The Begats would make a great rap

Fun fact for your day: Genealogical records in the Bible are known as “The Begats.” Someone somewhere called them that because of all the begatting that went on in those verses, and the name stuck even though no one but people who read only King James even knows what it means. 
The Begats are not scintillating reading. They will not make the NYT bestseller list. They are somewhere after the sacrifice laws and before the precise measurements of the Temple in desirable passage of Scripture to sit down with and meditate upon.
Most people do not find genealogical records fascinating stuff.
Nevertheless, I’m starting Christmas with one of them, and it’s awe-inspiring material.
Matthew 1.2-16 (Skipping a few, as you can see)
Abraham was the father of Isaac.
Isaac was the father of Jacob.
Jacob was the father of Judah and his brothers.
Judah was the father of Perez and Zerah (whose mother was Tamar).
Perez was the father of Hezron.
Hezron was the father of Ram.
Ram was the father of Amminadab.
Amminadab was the father of Nahshon.
Nahshon was the father of Salmon.
Salmon was the father of Boaz (whose mother was Rahab).
Boaz was the father of Obed (whose mother was Ruth).
Obed was the father of Jesse.
Jesse was the father of King David.
David was the father of Solomon (whose mother was Bathsheba, the widow of Uriah).

OK—so we’re not going to read all of them. You can later, if you choose. For now, fast forward to v.16–
Jacob was the father of Joseph, the husband of Mary.
Mary gave birth to Jesus, who is called the Messiah.

Good for you—you got through that. And you may or may not have said somewhere around verse 4, “And all those other unpronounceable men in Bible times were fathers of whatever, etc. etc. etc.” I’ll give you the benefit of the doubt.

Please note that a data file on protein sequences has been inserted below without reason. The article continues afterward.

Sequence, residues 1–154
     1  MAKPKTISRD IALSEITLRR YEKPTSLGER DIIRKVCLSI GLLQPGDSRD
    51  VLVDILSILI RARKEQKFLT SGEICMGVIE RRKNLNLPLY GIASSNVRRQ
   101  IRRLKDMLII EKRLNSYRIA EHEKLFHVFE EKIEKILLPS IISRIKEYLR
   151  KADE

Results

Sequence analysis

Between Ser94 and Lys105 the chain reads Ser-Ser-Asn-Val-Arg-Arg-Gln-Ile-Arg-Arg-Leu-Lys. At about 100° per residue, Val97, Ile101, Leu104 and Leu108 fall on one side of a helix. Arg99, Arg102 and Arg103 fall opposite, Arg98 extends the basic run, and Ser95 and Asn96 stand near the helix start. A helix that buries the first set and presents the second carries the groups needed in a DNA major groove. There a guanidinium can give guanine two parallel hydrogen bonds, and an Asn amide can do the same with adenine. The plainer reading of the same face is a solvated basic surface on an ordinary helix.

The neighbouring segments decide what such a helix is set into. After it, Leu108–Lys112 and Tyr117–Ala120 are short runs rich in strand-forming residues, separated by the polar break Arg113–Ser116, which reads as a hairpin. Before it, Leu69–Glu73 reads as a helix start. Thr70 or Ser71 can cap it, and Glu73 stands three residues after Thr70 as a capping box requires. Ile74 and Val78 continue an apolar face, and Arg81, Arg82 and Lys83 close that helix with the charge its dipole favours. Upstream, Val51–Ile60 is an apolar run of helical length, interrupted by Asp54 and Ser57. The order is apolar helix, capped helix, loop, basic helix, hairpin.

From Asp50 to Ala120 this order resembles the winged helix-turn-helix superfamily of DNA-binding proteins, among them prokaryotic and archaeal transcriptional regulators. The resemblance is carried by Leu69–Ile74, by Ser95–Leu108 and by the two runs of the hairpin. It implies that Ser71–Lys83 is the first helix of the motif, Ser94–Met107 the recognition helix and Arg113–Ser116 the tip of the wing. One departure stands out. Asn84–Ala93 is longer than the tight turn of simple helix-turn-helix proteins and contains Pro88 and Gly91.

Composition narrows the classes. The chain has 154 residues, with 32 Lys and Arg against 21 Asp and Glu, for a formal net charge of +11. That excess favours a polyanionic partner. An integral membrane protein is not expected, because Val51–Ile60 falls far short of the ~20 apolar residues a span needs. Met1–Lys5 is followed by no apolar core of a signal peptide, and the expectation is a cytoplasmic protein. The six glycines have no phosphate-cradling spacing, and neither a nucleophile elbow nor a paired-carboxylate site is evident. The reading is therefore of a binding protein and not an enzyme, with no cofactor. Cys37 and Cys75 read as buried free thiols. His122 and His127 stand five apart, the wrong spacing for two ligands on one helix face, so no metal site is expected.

But there is something important in those verses that is so missable (yeah, I just made up that word) we often . . . miss it. It is four names. Four normal, unremarkable, parenthetical names. Tamar. Rahab. Ruth. Bathsheba. The women in Jesus’ genealogy who, without Matthew’s inclusion, might not have been remembered. And that would be tragic.

See, one thing you have to know is, including them is not normal. No one else did it. No one did it, ever. The women just were not important. Which means Matthew had to choose to include them. And—he chose which ones to include. He did not mention every single mother in each verse. (Thank goodness, really, say all those kids everywhere who have had to memorize the book of Matthew for any reason.) But why these four?

Not anyone’s first pick for a blue-blood bloodline. The first one dressed up as a hooker and seduced her father-in-law. I could not make that stuff up. The second didn’t have to dress up—she already was a real prostitute, so why pretend? The third, though quite a nice young woman, was a foreigner, a widow, and poor. Three serious strikes for her time and place. The fourth? The jury never tells whether or not her adultery was forced or consensual, and back then? It didn’t matter. Guilt was guilt. (Hmmm. Seems we still have a bit of that in American society . . . but that’s definitely another post.)

Why, why, why, Matthew? Why these women? The most disreputable, unwanted, white trash of the Bible? Why not the nice obedient housewives all the others certainly were? It’s like Matthew just pulled up the “People of Walmart” video off Youtube and said, “THIS is Jesus’ family.” Why?

Why indeed. Because if we miss this point that comes first, everything else in Matthew’s gospel of good news means nothing. No reason to read further. And the point is this: Jesus came through women such as these because he came for women such as these. And men. The Walmart video? That IS his family. And we forget that in our efforts to be presentable, perfect, and proper.

Christmas came because of women who were not presentable in any sense. Matthew desperately wants us to remember that fact while we trim our perfect trees and present our well-crafted programs. While we are putting up our Precious Moments nativities and believing our badge of having it all together earns us our spot. Matthew has a message:

Christmas is originally and primarily for those who need it most.

Christmas is not for those who clean up, or measure up, or cover up.
Christmas is for those who just show up. No matter what their past or present.

They show up at the stable, messes and all. They get the joy of belonging to a bloodline that is less than stellar, because their lives have been less. And they find beautiful acceptance at the altar of the manger.

How are you coming to that altar this year?

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